Service Sector Reform Project
5 February 2013 at 11:38 am
A new Victorian Government project aimed at reforming community services is an historic opportunity to improve outcomes for vulnerable people and communities, according to the Victorian Council of Social Service.
“Times are tough for a growing number of people in our community, which means greater demand on the many services provided by VCOSS members – especially on the outer fringes of Melbourne and in rural and regional Victoria,” VCOSS Chief Executive Officer, Penny Wilson said.
“People are also presenting with multiple and more complex needs which need to be addressed early and in smart and integrated ways to avoid more difficult and expensive crisis intervention later,” Wilson said.
VCOSS says the launch of the Government Service Sector Reform discussion paper, Towards a more effective and sustainable community services system by Professor Peter Shergold, will kick-start important discussions in government and across the community.
The Victorian Government funds the community service sector to deliver around $2 billion worth of welfare services. The Department of Human Services provides around $1.4 billion, and the Department of Health over $200 million.
“VCOSS is pleased to be taking a lead role in the Government’s Service Sector Reform Project on behalf of the community sector and looks forward to working closely with Professor Shergold and other members of the Project team,” Wilson said.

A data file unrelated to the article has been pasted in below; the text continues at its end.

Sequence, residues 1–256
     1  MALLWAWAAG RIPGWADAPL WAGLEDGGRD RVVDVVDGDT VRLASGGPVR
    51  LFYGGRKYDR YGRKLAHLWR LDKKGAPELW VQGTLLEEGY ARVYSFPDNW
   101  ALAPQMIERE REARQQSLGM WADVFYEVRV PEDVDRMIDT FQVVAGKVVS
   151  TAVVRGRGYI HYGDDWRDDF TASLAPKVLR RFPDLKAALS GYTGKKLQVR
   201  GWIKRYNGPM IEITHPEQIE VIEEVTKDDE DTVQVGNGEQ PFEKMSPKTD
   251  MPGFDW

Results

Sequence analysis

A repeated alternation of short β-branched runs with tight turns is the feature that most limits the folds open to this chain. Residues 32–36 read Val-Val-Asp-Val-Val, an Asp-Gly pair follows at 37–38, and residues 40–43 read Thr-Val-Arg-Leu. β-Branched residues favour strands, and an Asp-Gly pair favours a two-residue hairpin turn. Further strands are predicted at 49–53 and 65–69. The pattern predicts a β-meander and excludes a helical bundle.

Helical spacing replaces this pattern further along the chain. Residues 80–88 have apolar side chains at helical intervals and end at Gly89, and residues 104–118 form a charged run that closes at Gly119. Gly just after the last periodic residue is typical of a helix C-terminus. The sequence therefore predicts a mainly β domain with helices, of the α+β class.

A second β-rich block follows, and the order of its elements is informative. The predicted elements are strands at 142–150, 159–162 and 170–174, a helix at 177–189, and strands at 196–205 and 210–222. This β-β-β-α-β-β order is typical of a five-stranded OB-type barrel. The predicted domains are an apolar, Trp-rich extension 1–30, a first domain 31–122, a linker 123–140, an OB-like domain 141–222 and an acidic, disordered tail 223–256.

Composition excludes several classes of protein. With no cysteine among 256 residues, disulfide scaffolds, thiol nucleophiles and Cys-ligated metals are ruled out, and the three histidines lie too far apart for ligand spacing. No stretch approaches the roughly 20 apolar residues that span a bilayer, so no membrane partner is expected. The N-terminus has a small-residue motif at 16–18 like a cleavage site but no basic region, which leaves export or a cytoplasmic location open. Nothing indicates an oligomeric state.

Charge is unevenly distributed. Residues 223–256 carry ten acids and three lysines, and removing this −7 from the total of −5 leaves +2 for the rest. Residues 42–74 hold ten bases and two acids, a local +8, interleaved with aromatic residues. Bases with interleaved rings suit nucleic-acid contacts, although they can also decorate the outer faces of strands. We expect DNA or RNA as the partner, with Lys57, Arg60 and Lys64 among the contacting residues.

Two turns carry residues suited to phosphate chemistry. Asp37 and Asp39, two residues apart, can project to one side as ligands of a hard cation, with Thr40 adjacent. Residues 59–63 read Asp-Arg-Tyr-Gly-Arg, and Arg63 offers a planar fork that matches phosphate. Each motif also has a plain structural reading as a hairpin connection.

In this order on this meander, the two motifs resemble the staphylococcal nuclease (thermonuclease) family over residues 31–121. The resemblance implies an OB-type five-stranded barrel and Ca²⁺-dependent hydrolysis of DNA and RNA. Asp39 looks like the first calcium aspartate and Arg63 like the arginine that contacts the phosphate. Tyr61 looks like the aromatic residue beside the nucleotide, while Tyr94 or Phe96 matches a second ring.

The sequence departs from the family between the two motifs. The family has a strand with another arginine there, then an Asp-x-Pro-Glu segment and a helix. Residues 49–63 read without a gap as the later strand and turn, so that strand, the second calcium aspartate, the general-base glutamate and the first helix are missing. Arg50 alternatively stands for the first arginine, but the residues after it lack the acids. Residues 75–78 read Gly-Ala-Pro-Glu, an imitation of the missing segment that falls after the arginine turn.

“VCOSS President Micaela Cronin is chairing the Service Sector Reform Project Reference Group, a key forum for the sector to contribute to the process,” Wilson said.
“This is an important, once in a generation opportunity to hear from all the stakeholders in the community sector to build a better system; the people who use our services, other players outside the sector such as the education system, government at all levels, those who support the sector including philanthropists, the corporate sector and most importantly volunteers,” Cronin said.
“Our members and the wider community sector have been urging reform, on the understanding and evidence that the greatest savings."
VCOSS says benefits can be gained from:
- early intervention – not waiting for a crisis to unfold
- integrated services – making sure that services are focused on people, not service models or program structures
- place-based solutions – that recognise local need and support local initiative
- flexibility of services – no ‘one size fits all’ model
- scaling up good practice and investing in innovation
- asking the right questions about what needs we are trying to meet.
The VCOSS Ideas Paper on service sector reform outlines 10 priority areas to improve government and community services to they can achieve better outcomes for all Victorians, particularly those who face disadvantage.
- Structure services around the needs of the person, not around service models or program silos
- Meet the different needs of different geographic regions
- Develop place-based approaches to best meet the needs of local communities
- Pursue better collaboration between and within government, community sector organisations, philanthropic organisations and the corporate sector
- Link up government and community services so there is ‘no wrong door’
- Focus on better prevention and early intervention
- Recognise the lifelong impact of trauma and strengthen cultural competence
- Use data so it supports better planning and outcomes not just processes
- Structure funding to support best practice and foster innovation
Maintain and build on the expertise and social capital of Victorian community sector organisations